The true worth of this project comes from the fact that it allowed me to sharpen skills on a fun endeavor outside of work. A project like this boosts your confidence as a developer to an immeasurable degree. As BankAlt traffic and active users grew, I would get lots of warm fuzzies inside. This feeling persists even today to an extent.

Looking back, I am very proud to have built BankAlt. Frankly, I am impressed at past me for crafting it to such a high level of care and detail.

Sometimes I regret shutting it down, and I can't help wondering what might have been if I had continued to maintain the project. Realistically, my motivation collapsed soon after I stopped playing WoW, and I don't think I could have forced myself to run a tool I had very little interest in.

A resurrection?

While browsing the Web Archive under the influence of nostalgia, a wild thought occurred. Wouldn't it be cool if I could resurrect the site for fun? It would be virtually useless to myself or current World of Warcraft players, but I would be proud to feature it under my portfolio.

The domain has long expired, and I do not plan on buying it back. For curiosity, I checked to see if it's available, and I was a little dismayed to find out that it is currently listed for $2900.

Cost of the domain

Consequently, buying the original domain is out of the question. If I do manage to restore the site to a working state, I will host it on one of my other domains. But if you, dear reader, have money burning a hole in your pocket, feel free to buy it back for me 🤑.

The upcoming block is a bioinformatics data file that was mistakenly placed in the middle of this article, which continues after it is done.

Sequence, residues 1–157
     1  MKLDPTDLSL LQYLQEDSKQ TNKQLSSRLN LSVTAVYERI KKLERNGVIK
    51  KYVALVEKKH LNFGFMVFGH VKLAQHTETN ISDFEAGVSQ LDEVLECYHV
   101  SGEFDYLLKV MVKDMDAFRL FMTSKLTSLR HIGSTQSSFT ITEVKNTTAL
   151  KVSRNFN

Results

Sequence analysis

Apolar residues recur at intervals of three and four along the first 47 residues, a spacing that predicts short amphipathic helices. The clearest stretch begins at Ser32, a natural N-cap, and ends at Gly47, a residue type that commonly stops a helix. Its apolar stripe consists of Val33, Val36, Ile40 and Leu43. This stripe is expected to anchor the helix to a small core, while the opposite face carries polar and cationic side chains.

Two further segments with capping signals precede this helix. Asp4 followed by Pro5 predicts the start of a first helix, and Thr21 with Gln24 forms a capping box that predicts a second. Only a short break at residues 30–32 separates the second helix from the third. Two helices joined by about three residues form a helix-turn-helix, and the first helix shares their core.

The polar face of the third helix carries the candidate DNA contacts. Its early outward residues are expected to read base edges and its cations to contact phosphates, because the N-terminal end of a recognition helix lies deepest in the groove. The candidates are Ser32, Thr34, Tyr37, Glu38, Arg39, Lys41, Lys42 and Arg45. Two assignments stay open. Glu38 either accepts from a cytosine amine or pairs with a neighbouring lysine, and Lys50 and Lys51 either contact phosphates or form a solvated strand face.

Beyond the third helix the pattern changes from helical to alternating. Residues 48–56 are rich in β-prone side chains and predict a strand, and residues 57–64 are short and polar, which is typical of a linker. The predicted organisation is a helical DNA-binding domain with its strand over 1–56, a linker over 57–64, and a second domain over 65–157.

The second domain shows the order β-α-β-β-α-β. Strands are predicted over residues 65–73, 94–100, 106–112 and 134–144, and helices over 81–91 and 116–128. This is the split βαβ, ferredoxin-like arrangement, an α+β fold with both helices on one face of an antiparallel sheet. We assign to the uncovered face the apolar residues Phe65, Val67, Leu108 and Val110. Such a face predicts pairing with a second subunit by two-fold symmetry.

So, resurrection. How feasible is it? Until I dig deeper, I would say chances are pretty good. When I shuttered the site, I had the foresight to make multiple backups of the source code and the database.

All I have to do is to restore the database, put the source code in a folder on one of my VPS instances, and point Nginx to index.php. The old site ran on an Apache server, but that shouldn't matter. Hopefully backward compatibility will handle most of the issues.

But wait, there's more! I had another wild idea. What if, in addition to resurrecting the original site, I were to rebuild it separately as a modern Laravel app? I think that would be pretty awesome too, just for the learning experience of porting such an old codebase.

This mini-project entails 2 phases:

  • phase 1 - restore the original site to its former glory; host it on a vanity sub-domain
  • phase 2 - rebuild it in Laravel + Livewire or Inertia

Both phases are great candidates for how-to articles: "How to revive a legacy PHP application", and "How to rebuild a legacy PHP application in Laravel". Actual titles TBD.

Before I start any of this, I need to work through my side-project backlog and clear a couple of higher priority tasks. Expect phase 1 to commence in the first half of 2021, so stay tuned!


While the Wayback Machine keeps archives of all the pages, I wanted to capture those as screenshots and bring them closer to my heart, until - and if - I am able to resurrect BankAlt. - Landing page
Landing page
Cute, in a late-2000s kinda way. - News page
News page
Not talking international news here, just BankAlt-related updates. - About page
About page
Yada yada TLDR - Contact page
Contact page
Old-shool captcha... - Help page
Help page
I'm astounded at the amount of work I put in creating the graphics. Also, wtf did I mean by "Rapture day"? - FAQ page
FAQ page
Funny how a lot of FAQs are not actually questions most people would ask. - Profession page
Profession page
The back-end has long since gone away, so WebArchive preserved only the loading state.
Career SideProject PHP